Please fasten your seatbelts


This morning Air Canada said it will lay off 2,000 employees as it grapples with soaring fuel costs. The airline is also reducing its capacity by an overall average of 7 per cent, with capacity on flights to the U.S. cut by 13 per cent.

If this all seems eerily familiar, there’s good reason. It was only in 2003, with the U.S. gearing up for war in Iraq, that Air Canada invoked “force majeure” to lay off 3,600 workers. This oil-triggered round of layoffs is arguably much deeper. For one thing, Air Canada is a far leaner operation than it was back then. It’s total workforce, at 24,000, is nearly one-third smaller than it was in 2003.

Nor is this likely the end of the pain.

According to an Air Canada statement, high oil prices will cost the company $1 billion more this year than in 2007. And that’s with the price of oil at $140 a barrel. With many experts projecting crude could hit $200, it’s hard to imagine the company is finished slashing jobs.

So it strikes me as somewhat odd to see the Feds planning to introduce a passenger’s bill of rights. Don’t get me wrong, I’ve had run ins with flight attendants in this country who make that stewardess with the nicotine fit seem downright heart warming. But if Ottawa really wants to do something to improve service and lower fares, it should start by scrapping restrictions on foreign takeovers and reigning in skyrocketing airport fees at Pearson, which are the highest in the world. A bill of rights is an easy way to score political points, but not when the industry is literally fighting for its survival.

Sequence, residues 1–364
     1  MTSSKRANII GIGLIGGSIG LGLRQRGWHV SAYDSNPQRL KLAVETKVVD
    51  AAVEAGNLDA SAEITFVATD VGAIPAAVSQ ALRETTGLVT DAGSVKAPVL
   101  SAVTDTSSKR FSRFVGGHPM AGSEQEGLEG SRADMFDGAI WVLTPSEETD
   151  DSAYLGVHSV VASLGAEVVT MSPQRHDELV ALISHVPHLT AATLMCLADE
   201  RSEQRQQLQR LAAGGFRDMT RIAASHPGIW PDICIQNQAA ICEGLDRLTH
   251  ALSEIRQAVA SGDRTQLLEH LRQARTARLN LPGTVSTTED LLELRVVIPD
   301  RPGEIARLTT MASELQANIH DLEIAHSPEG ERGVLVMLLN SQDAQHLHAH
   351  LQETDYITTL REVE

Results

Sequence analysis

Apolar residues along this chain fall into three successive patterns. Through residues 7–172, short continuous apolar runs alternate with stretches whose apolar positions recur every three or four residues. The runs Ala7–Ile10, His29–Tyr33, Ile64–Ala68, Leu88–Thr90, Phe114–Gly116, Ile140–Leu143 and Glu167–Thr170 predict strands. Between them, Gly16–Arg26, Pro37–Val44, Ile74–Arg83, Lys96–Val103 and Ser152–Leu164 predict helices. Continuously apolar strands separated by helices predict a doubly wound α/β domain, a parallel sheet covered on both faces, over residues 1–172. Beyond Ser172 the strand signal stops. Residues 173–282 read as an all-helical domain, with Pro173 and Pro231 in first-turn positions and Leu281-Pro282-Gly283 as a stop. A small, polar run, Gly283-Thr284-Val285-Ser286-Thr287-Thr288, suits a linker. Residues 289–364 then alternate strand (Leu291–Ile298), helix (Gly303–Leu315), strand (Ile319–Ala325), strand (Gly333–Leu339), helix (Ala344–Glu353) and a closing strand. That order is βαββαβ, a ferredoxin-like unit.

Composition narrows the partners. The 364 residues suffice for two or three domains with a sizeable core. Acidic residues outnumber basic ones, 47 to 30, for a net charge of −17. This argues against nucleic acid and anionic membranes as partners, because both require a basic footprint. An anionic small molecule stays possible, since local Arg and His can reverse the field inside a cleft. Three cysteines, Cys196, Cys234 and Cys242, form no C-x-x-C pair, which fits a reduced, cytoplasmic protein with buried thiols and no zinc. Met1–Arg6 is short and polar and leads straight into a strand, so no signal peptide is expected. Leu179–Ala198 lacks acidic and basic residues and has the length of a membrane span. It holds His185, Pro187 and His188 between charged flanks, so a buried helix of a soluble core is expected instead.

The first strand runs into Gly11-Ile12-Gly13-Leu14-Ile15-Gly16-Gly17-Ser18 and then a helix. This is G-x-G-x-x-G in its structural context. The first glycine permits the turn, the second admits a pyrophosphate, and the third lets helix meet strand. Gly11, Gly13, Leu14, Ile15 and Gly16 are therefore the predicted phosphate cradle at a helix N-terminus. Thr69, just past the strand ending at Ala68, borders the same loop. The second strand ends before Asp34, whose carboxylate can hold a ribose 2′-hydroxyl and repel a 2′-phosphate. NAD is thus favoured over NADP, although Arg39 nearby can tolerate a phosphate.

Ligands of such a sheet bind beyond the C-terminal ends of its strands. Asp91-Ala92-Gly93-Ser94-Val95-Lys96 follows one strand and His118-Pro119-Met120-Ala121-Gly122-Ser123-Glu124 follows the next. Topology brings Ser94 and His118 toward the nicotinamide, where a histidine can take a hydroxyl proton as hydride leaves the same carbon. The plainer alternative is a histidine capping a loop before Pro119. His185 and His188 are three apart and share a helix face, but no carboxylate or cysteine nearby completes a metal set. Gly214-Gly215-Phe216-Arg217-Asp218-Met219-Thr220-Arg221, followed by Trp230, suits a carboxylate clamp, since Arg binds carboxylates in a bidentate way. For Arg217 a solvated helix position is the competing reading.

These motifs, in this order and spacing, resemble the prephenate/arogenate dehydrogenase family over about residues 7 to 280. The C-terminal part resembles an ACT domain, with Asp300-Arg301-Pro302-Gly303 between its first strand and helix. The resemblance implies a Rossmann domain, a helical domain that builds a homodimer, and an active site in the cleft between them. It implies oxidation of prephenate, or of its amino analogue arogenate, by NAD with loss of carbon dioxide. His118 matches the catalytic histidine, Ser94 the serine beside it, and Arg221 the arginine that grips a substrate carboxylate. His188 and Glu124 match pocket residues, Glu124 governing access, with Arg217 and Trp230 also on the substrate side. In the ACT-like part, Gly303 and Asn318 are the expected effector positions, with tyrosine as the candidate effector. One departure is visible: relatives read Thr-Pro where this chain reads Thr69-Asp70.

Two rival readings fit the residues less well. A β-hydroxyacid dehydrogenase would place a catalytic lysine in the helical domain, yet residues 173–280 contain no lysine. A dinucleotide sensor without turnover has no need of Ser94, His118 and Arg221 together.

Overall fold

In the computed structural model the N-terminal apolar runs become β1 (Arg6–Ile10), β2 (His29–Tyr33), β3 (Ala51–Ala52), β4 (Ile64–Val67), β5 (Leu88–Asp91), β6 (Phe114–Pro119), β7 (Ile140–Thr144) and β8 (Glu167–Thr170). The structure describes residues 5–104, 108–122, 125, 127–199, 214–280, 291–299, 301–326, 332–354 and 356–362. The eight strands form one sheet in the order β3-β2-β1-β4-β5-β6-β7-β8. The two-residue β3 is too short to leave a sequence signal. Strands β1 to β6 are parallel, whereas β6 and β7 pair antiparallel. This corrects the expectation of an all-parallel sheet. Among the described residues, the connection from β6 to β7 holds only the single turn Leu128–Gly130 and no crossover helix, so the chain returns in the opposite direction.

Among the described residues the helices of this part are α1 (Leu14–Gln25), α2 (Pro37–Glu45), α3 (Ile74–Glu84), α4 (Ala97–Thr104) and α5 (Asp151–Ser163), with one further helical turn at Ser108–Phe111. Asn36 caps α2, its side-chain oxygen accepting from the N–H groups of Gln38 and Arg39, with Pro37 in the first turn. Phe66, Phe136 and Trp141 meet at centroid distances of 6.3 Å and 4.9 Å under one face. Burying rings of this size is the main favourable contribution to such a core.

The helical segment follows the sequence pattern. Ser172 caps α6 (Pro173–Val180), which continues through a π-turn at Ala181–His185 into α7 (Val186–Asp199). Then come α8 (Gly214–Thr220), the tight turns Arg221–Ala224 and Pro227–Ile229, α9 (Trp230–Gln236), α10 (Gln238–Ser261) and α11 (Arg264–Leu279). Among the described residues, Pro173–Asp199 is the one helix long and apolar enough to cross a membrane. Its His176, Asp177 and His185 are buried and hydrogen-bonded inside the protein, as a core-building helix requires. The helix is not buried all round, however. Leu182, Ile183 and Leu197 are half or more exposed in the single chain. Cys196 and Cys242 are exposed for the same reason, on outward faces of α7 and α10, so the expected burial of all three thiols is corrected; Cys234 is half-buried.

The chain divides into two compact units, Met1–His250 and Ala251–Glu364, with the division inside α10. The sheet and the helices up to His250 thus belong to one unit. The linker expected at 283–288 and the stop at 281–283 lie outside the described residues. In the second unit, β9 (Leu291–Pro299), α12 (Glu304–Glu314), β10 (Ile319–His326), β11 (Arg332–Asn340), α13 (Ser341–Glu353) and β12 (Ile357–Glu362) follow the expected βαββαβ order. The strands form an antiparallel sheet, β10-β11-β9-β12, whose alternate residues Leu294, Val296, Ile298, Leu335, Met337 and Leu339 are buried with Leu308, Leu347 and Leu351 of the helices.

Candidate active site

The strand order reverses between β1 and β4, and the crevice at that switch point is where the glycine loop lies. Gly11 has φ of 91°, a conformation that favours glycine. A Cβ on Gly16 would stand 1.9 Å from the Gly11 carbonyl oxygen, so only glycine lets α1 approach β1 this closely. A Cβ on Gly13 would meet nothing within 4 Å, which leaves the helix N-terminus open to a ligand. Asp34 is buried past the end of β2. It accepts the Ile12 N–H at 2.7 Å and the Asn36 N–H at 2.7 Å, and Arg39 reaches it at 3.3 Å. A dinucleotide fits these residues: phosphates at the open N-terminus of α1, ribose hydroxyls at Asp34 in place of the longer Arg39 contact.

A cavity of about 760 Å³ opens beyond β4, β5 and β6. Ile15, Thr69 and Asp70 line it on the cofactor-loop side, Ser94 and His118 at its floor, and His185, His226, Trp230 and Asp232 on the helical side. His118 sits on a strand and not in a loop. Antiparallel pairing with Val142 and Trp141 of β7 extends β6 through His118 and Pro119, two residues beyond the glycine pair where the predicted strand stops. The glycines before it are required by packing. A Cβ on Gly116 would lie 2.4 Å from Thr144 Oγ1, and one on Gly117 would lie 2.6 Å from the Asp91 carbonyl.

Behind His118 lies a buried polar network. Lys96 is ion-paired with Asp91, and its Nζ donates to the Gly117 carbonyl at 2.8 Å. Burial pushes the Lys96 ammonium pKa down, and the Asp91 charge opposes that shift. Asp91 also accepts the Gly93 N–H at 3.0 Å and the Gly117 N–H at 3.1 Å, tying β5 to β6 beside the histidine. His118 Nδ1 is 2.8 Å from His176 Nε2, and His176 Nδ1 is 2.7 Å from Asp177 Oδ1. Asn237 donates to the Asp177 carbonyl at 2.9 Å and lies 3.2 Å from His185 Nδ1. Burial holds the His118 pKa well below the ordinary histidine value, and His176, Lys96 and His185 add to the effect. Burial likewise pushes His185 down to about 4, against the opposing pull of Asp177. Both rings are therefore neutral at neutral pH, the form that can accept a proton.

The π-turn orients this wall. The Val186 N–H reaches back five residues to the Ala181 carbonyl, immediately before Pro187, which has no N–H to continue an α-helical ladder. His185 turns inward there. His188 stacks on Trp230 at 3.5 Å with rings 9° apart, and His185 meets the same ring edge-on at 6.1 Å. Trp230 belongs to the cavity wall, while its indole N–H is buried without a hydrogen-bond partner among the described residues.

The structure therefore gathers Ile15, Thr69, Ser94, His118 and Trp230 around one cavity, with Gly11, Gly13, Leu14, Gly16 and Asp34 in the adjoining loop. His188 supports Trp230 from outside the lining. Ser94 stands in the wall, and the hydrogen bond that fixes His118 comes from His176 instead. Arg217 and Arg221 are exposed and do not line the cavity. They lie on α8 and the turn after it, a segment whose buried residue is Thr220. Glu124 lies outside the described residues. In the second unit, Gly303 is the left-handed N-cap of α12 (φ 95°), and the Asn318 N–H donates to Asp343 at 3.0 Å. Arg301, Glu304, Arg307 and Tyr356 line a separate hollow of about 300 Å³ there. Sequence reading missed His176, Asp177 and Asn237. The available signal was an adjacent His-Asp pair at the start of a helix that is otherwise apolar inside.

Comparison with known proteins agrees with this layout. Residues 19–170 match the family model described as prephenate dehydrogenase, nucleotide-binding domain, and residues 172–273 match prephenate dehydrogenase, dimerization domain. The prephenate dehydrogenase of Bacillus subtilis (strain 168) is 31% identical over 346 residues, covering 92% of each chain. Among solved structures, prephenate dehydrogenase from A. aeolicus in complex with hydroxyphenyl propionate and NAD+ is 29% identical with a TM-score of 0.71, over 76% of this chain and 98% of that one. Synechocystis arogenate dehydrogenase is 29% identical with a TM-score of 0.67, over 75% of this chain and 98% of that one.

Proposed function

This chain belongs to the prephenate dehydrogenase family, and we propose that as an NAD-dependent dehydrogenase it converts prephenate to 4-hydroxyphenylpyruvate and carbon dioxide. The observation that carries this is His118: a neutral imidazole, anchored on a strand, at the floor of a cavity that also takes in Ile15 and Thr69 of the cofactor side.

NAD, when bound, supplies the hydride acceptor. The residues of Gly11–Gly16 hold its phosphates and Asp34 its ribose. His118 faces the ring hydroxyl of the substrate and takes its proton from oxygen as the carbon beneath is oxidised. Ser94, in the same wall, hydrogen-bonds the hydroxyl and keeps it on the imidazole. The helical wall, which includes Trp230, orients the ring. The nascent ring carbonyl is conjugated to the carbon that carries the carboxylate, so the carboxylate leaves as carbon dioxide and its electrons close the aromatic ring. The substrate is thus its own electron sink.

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Please fasten your seatbelts

  1. Look to your current government as part of the problem. Everyone is quick to moan and complain about add-ons to ticket prices but do Canadian Air Carriers make any money on the security fee, or fuel surcharges or fuel taxes or landing fees or high airport rents?

    Part of the problem is the ongoing costs of running an airline in Canada and a federal government who can’t wean themselves from these revenues.

    Canadians in my part of Canada have figured out it’s cheaper and more convenient go to the US, by car, to avoid Canada’s taxation on air travel. Too bad for Air Canada and Westjet. Too bad for Canada.

  2. Airlines *definitely* make money on the fuel surcharges. They are not government-mandated fees, but a way to pass a business cost onto the customer while maintaining more marketing-friendly prices — that is, they are in fact fare hikes that are not included in the advertised fare but added on afterwards.

    Imagine if other companies did this — say you go to McDonald’s for a $2 BigMac but get charged with a “$1 beef fee” that goes to the company — how long would you put up with that? My local sandwich shop just raised their prices b/c input costs went up. I’m paying a higher advertised price, not a $0.30 additional “bread surcharge” at the till.

    This fuel surcharge business has bugged me for a long time, b/c I suspect many people think it’s a tax — but it’s not. The airlines are getting gov’t to take the blame for a voluntary increase in their own prices, and pocketing the proceeds.

  3. Look to your current government as part of the problem.

    To be fair to the Conservatives, the fee structure and YYZ rent issue predates them.

    Of course, if they thought it was a big deal they would have had it fixed by now — clearly, they think the current strucure is how it should be.

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